How the genome is packed into chromosomes that can be faithfully moved during cell division

Researchers from the Gerlich Group at IMBA discovered a molecular mechanism that confers special physical properties to chromosomes in dividing human cells to enable their faithful transport to the progeny. The team showed how a chemical modification establishes a sharp surface boundary on chromosomes, thus allowing them to resist perforation by microtubules of the spindle apparatus. The findings are published in the journal Nature.

In their latest Nature publication, researchers from the Gerlich Group at IMBA determined the molecular mechanisms that confer special physical properties to mitotic chromosomes to prevent their entanglement with microtubules of the spindle. In this third edition of #ScienceChatIMBA, we talk to Senior Group Leader Daniel Gerlich about the impact of the team’s latest findings.

Congratulations on the new publication, Daniel! You describe the molecular mechanism of mitotic chromosome assembly. Wasn’t it already known that mitotic chromosomes assemble by DNA folding into loops, mediated by the condensin complex?

(Daniel Gerlich, IMBA Group Leader): Indeed, through prior work, the role of condensin in folding the chromatin fiber into loops around a central axis was known. But it had remained unclear why chromosomes appear as dense bodies with a sharp surface rather than a loose structure resembling a bottlebrush. Prior literature hints at the role of a specific chemical modification in the chromatin fiber – histone acetylation – in regulating the level of compaction. However, its interplay with condensin and its functional relevance remained unclear. With our work, we are now able to conceptually disentangle the two mechanisms.

How were you able to distinguish between the role of condensin and acetylation-regulated chromatin compaction?

The first thing we did was to remove the condensin complex to study the effect on chromosome organization. We saw that chromosomes completely lost their regular shape in condensin-depleted cells, yet chromatin compacted to the same level as in unperturbed cells. We then tested the effect of increasing histone acetylation and observed a complete suppression of compaction in the condensin-depleted mitotic cells. Importantly, we noticed that elevated acetylation of mitotic chromosomes also resulted in frequent microtubule perforation into chromatin regions and a strong perturbation of chromosome movements to the spindle poles, indicating an important mechanical role of histone acetylation.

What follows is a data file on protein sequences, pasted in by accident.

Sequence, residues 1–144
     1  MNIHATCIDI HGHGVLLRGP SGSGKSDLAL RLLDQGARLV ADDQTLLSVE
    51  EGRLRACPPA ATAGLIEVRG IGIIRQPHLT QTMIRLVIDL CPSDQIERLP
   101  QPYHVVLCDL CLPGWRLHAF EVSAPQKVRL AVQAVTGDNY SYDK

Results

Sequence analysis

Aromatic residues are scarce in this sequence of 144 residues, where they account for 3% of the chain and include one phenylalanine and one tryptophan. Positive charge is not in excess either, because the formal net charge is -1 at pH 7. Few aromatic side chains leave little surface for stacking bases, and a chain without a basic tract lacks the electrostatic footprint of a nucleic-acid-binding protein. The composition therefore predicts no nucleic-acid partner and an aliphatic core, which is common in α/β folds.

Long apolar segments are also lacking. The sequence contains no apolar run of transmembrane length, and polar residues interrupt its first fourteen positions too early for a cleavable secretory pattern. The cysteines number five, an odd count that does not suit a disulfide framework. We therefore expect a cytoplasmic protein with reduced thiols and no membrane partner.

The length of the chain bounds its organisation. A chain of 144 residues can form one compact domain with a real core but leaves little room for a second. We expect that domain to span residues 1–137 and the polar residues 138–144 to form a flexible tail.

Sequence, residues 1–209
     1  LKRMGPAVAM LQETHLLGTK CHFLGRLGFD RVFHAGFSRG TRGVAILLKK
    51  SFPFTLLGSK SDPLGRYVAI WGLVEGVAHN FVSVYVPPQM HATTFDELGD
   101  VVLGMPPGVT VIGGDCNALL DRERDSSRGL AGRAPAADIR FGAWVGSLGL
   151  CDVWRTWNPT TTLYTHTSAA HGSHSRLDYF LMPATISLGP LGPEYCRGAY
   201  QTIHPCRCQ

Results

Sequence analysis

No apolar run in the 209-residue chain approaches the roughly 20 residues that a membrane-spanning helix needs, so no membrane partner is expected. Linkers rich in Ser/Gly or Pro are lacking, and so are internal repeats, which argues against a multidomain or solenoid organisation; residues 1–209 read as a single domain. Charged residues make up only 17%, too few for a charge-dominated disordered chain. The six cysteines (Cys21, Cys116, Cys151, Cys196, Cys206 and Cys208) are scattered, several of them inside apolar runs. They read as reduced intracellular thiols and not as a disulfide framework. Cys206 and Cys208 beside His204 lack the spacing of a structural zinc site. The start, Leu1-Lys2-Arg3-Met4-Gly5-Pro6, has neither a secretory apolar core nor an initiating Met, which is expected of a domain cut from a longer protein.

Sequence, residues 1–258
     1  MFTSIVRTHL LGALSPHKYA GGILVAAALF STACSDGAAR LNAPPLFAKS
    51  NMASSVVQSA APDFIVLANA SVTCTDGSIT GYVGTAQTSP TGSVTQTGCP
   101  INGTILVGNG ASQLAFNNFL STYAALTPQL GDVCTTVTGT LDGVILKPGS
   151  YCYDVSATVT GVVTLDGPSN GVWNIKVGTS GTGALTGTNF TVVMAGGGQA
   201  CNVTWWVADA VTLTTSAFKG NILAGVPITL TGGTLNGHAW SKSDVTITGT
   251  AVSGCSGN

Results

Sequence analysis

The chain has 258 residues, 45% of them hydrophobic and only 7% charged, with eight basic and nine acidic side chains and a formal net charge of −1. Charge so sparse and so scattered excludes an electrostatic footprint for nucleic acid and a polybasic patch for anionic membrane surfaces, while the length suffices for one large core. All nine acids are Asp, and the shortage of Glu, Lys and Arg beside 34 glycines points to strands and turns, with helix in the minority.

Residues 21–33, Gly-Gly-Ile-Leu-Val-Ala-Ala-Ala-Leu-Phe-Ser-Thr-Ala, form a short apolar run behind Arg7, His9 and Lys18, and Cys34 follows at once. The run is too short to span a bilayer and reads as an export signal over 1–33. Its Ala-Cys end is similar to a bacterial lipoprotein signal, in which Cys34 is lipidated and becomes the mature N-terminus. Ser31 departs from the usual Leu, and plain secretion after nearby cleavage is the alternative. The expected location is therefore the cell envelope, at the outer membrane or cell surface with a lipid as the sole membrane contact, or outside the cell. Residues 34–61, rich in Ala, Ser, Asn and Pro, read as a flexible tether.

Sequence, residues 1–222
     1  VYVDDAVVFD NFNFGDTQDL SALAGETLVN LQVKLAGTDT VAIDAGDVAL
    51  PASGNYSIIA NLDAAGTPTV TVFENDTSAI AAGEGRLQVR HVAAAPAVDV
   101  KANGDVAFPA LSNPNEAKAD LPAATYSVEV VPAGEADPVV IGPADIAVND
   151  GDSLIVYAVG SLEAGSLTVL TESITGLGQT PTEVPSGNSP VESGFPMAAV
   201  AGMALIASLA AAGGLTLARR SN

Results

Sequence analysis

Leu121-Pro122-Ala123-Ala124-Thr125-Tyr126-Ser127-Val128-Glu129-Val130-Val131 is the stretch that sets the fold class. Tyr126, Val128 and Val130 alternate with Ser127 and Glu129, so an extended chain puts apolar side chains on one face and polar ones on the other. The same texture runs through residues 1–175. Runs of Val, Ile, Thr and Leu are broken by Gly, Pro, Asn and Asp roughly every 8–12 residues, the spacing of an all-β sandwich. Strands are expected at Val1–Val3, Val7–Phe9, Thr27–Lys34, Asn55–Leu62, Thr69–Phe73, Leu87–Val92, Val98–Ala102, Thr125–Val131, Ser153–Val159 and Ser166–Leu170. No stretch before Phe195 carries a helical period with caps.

How would you describe the physical properties of mitotic chromosomes?

Based on our observations and the known functions of condensin and acetylation, we propose that chromatin is organized as a swollen gel throughout most of the cell cycle. During cell division, however, this gel compacts to an insoluble form. To test this model, we investigated the effect of cutting mitotic chromosomes into small pieces by injection of a restriction enzyme. We found that chromosome fragmentation resulted in droplets of liquid chromatin that display rapid internal mobility of the chromatin fiber. These findings support a phase separation process in mitotic chromosome assembly. Interestingly, elevated acetylation on chromatin caused a complete dissolution of chromatin fragments throughout the cell. Hence, mitotic chromatin is immiscible in mitotic cells, and this property depends on low acetylation levels. As a result, we propose that the phase boundary of immiscible chromatin provides mechanical resistance to microtubules.

You also used a synthetic chromatin system to investigate phase separation and microtubule perforation. What did these experiments show?

In collaboration with the Rosen lab at the University of Texas Southwestern Medical Center, we generated liquid droplets from in vitro-assembled chromatin fibers. When we mixed the chromatin droplets with tubulin, we observed efficient exclusion of microtubules. Thus, the intrinsic phase separation properties of chromatin are sufficient to establish a surface that is resistant to microtubule perforation.

There seem to have been many eye-opening moments along the way to these findings. How did you develop the ideas for this study?

Much of our concepts have grown over the years through our multi-disciplinary approaches to studying chromosomes here at IMBA, with support from many fantastic colleagues and core facilities. Our collaboration with Shotaro Otsuka from the neighboring Max Perutz Labs has been key to showing by electron tomography how microtubules interact with chromosome surfaces. Furthermore, this study has been inspired by our interactions with Mike Rosen and his group of chromatin biochemists, whom we met during a research visit to the Marine Biology Laboratory at Woods Hole, Massachusetts, USA. Rosen and his postdoc Bryan Gibson had discovered acetylation-regulated phase transitions in synthetic chromatin, and we could show how this phenomenon contributes to chromosome mechanics inside cells. Our current study has already led to several new ideas that we aim to investigate in the future. These include a better understanding of how electrical charge contributes to chromosome compaction, and how chromosome compaction is regulated in other processes, like programmed cell death.


Original publication:

Schneider M.W.G., et al. “A mitotic chromatin phase transition prevents perforation by microtubules”. Nature, 2022. DOI: 10.1038/s41586-022-05027-y